L’AQUILA, Italy – The three bottles of red wine sit corked on the table, exactly where they were that night almost four years ago when a deadly earthquake hit this mountainside town in central Italy. Circling his gaze around to the cracks in the white plaster walls of his house, which he’d moved into just 10 months before the disaster and is still paying for, Lucio Paolucci says that he has no idea when – or even if – he can move back in. “I hope so, I hope, but by now it is four years, and nothing much has changed,” he says. Mr Paolucci’s house, like many other buildings in the hilltop old town of L’Aquila, has a long history, dating back to the 1300’s. The earthquake, which struck around 3.30 am on April 6, 2009, killed 309 people and left 65,000 more homeless. Pointing to the bottles, Mr Paolucci says they are a relic of the days before the disaster. “I keep them there like that as a reminder, a keepsake,” he says.
ROME – On a misty Sunday evening in Rome, Sister Gloria Bongkonoy scuttled back and forth from the Santa Pudenziana church to the small parish office next door. “As you can see, we are busy this weekend,” she grinned, as worshippers filed down the narrow steps from the sloping Via Urbana 20 feet above. The Mass they were gathering for was celebrated not in Italian or Latin or even English, but in Tagalog, the national language of Sister Gloria’s homeland, the Philippines. When asked about hopes that Manila’s Cardinal Luis Tagle – “pronounced Tag-lay,” as she corrected me – would be elected Pope, Sister Gloria merely smiled and said “we are hoping that the will of God will be done in the conclave.”
ROME — Joshua Cambria, a convert to Catholicism who hails from Providence, R.I., and a student-services officer at John Cabot University in Rome, said he ran to St. Peter’s upon seeing the white smoke while watching the conclave proceedings on TV. “I was personally hoping for [Italian Cardinal Angelo] Scola, a grand Ambrosian theologian with an appetite for reform. But, again, I am both surprised and pleased with the outcome of the holy conclave,” said Cambria, who describes himself as being as much of an Italian as an American. Like Cambria, other American students in Rome had their particular thoughts and hopes about who would succeed Benedict XVI. Tatum McWhirter, a philosophy and theology student at Rome’s Pontifical Lateran University, said she was rooting for Canada’s Marc Ouellet, who, like U.S. cardinals Sean O’Malley and Timothy Dolan, was touted by many analysts as a contender prior to the conclave.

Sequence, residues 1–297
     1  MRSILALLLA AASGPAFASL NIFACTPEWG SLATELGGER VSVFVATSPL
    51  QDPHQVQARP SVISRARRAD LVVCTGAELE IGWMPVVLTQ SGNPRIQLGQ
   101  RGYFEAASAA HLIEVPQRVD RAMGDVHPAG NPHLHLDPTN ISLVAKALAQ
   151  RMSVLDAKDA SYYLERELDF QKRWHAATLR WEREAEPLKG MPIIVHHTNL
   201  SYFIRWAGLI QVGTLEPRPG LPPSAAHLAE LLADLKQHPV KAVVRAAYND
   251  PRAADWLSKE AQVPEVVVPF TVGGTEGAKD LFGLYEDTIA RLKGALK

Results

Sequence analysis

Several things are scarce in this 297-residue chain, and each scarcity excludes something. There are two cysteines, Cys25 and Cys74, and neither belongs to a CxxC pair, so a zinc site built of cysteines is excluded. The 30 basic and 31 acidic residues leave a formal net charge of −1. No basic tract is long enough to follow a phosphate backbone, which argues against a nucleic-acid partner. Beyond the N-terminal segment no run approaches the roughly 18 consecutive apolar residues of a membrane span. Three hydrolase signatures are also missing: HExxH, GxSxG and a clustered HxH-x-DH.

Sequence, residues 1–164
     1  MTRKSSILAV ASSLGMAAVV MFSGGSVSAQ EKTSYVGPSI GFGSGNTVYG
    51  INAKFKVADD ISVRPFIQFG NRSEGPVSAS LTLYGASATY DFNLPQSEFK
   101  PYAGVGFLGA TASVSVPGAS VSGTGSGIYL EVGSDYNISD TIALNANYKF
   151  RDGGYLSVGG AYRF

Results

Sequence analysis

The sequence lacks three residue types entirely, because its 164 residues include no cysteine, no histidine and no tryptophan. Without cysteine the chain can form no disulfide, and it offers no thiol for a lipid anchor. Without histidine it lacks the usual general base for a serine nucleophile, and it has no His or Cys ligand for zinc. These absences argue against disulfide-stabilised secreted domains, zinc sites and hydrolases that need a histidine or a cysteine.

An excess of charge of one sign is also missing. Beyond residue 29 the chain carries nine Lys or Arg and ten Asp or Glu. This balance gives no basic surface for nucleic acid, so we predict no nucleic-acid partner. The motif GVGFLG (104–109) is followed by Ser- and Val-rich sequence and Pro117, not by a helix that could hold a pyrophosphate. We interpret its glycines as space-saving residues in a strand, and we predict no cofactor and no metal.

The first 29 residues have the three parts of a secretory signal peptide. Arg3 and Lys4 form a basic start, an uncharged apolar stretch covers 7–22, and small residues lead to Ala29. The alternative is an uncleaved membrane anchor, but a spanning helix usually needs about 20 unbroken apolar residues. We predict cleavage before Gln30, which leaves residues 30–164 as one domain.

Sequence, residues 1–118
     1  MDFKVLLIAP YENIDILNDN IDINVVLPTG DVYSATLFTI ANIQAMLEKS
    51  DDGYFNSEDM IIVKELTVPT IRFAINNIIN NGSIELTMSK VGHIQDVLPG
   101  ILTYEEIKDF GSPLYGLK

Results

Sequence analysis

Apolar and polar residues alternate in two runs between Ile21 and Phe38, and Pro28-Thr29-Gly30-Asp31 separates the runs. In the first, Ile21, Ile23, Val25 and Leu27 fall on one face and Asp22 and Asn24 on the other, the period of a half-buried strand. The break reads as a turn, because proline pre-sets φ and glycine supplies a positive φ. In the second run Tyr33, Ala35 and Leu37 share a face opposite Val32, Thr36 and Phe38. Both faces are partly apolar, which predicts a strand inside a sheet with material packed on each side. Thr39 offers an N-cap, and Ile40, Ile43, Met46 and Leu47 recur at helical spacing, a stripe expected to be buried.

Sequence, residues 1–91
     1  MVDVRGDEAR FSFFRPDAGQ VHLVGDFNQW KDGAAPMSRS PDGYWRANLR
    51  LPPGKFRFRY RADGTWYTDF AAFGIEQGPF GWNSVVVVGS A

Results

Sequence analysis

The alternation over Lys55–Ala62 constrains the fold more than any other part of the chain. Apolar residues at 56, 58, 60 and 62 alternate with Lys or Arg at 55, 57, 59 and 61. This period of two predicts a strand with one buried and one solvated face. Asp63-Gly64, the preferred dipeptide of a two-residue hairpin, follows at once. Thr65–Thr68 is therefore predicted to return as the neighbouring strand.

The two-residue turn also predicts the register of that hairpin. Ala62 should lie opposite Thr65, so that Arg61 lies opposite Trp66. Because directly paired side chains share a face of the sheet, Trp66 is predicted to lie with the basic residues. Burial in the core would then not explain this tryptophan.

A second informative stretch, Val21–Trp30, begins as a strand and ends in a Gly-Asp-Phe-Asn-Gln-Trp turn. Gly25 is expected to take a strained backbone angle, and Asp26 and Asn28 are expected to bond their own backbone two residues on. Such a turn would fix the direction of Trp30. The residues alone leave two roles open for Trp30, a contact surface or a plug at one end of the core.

VATICAN CITY — With a Colombian flag tied around her shoulders, Sister Laura Teresa took a last look back at the balcony overlooking St. Peter’s Square, where, moments before, Argentinian Cardinal Jorge Bergoglio emerged to greet the world as Pope Francis. He is the 266th pope, but the first Latin American, the first Pope Francis, the first Jesuit Pope and the first non-European since 741. “Yes, there is history here tonight,” said the religious sister from Bogota. Speaking amid a din from the estimated 200,000 umbrella-wielding onlookers making their way out of the vast horseshoe-shaped piazza after the end of the conclave, Sister Laura said that “I am surprised and happy that there is a Holy Father from South America.”
ROME – If you’re on Twitter, #conclave has been one of the best places to follow news about the next leader of the world’s 1.2 billion Catholics. On Tuesday evening Rome time, between start of the vote, and the inconclusive end to the first ballot, tweets were coming in at around 40 per minute by my count, a mix of news updates from Rome, smartphone pics from around the Vatican, lewd comments from unknown locations on some of the recent scandals, and some light-hearted gags. But most are just tuning in to hear the results, which should come within three days, according to Vatican spokesperson Father Federico Lombardi. The Vatican’s system for spreading news is sending black smoke up through temporary chimneys to announce that a round of voting failed to produce a winner. Everyone’s waiting for the white smoke, followed by the ringing of the St. Peter’s church bells, when there’s a result.
ROME — “We are praying for it,” says Ferdinand de Guzman, standing in the doorway of the Santa Pudenziana church, about a mile from the Colosseum and the Lateran Basilica, two famous Roman landmarks. The Filipino Catholic was speaking about the possibility that his compatriot, Cardinal Luis Antonio Tagle of Manila, could emerge as Pope after the conclave, which starts Tuesday. “If God wills it, he will be Pope, but if not, we will surely support our new Holy Father whoever that may be,” said de Guzman, from Tarlac in the Philippines but now in his 20th year living in Rome.